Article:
South West Coast Path
Sue and I packed British sun and optimism when we began our trek in Minehead on the South West Coast Path on September 8. More than three weeks and 200 miles later, fierce winds and horizontal rain could not keep us from our finish at Land’s End.
Back home in Ashland, Oregon, still packing jet lag, it is time to reflect.
Best parts: Astonishingly rugged coastal scenery, remoteness, walking cliffside, the weather, few other trekkers, Hartland Quay-to-Bude section, unyielding climbs and descents, thousands of stairs.
Worst parts: The weather, remoteness, Hartland Quay-to-Bude section, unyielding climbs and descents, thousands of stairs.
How can that be? The weather was mostly great the first two weeks; just two days of rain, not bad for England. Then it turned on us and only let up for brief spells the rest of the way. Fierce winds nearly blew us (and our packs) over on precarious cliffs. One day, we had to turn back. On a couple of days, the winds made it too dangerous to walk at all. That is when the remoteness became a negative; if anything happened, we could be stranded far from help.
The Hartland Quay-to-Bude section tested us like no other trail ever; 9,000 feet of mostly steep elevation change, 15 miles, 10-plus hours. But over our pub dinner that evening, we were exhilarated because we had done it. That is what keeps us trekking. It tests us, extends us, and sometimes slows life to a crawl. We thrive on its simplicity and routine.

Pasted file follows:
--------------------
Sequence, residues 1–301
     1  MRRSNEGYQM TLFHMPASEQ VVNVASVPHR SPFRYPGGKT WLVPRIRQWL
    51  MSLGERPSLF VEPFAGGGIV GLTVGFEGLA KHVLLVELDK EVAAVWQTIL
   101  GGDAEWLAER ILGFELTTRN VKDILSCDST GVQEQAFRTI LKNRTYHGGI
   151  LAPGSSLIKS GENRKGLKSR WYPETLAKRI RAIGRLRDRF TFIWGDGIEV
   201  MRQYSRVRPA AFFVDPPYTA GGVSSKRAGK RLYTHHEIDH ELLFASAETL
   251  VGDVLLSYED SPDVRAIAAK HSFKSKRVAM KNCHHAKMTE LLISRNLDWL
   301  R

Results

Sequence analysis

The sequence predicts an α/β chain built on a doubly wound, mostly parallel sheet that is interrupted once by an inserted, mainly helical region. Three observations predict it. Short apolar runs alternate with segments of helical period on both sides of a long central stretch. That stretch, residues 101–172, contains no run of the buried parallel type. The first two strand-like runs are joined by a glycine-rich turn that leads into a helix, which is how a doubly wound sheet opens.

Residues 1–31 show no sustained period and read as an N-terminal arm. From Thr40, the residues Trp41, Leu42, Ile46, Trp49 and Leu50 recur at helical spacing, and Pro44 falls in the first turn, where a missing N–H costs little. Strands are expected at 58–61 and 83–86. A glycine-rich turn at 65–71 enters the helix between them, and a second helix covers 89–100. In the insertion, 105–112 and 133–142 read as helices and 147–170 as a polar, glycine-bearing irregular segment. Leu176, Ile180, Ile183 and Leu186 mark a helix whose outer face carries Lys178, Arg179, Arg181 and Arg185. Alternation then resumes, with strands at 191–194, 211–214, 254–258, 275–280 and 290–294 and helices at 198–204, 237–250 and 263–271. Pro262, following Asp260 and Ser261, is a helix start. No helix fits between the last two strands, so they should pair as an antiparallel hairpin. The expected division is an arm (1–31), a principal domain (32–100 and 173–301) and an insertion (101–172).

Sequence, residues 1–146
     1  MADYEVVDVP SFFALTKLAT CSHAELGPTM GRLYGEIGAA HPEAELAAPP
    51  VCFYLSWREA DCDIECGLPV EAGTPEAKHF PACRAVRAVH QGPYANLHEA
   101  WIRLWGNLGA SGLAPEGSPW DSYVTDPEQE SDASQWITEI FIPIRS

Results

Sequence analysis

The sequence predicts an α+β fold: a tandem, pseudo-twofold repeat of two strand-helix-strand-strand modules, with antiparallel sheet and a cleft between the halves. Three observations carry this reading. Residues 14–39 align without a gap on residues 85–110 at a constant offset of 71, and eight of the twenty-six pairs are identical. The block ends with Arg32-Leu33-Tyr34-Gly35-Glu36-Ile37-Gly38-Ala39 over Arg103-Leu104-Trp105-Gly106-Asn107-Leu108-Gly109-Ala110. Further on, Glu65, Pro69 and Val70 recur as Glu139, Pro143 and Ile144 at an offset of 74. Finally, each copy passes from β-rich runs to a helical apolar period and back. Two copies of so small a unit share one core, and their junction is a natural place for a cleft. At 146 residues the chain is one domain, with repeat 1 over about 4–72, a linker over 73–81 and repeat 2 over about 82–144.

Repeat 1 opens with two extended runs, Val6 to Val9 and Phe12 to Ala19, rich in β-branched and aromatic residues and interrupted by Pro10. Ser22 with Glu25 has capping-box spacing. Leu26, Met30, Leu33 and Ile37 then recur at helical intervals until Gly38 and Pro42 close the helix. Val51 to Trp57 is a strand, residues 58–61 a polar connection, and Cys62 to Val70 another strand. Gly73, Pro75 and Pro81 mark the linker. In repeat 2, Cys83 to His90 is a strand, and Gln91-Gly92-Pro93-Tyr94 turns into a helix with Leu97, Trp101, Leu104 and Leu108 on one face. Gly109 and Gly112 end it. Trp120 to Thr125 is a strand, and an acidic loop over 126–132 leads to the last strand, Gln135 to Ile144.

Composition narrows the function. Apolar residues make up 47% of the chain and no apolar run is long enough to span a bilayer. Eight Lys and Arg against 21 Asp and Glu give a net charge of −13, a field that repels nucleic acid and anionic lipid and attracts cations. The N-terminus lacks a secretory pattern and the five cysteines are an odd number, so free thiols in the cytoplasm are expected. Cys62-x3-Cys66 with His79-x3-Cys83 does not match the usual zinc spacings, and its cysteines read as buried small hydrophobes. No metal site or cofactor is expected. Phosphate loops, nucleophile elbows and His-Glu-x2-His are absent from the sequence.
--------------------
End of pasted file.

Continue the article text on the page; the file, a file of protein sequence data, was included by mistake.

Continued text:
Backpack life: We lived out of several Ziploc bags that contained our rolled up, super lightweight moisture-wicking clothes. We sat on each one, zipped them shut, and stuffed the compressed bags into our packs in just a few minutes each morning. Our packs weighed about 20 pounds each, although Sue’s was a couple of pounds heavier. Plus the weight of water in our bladders.
Accommodations: We stayed in B&Bs, hotels, a hostel, and several apartments. Most included breakfast. Lunch was a picnic on the trail, sometimes wet. Dinner was usually in pubs, unless we had a kitchen…then we enjoyed dinner at home.
Thru hikers: We were surprised that there were not more people on the trail. Most were day walkers; some told us they were walking a section, then catching a bus back to their starting village. Some were walking for several days, but we did not meet anyone who planned to walk more than that. Sue talked to an English couple who had walked the entire 630 miles of the trail, but had done it in sections over years.
Jam or cream first? How one dresses scones is a hotly debated topic in Devon and Cornwall. But, why does a country with clotted and double cream put low-fat milk in their tea and coffee?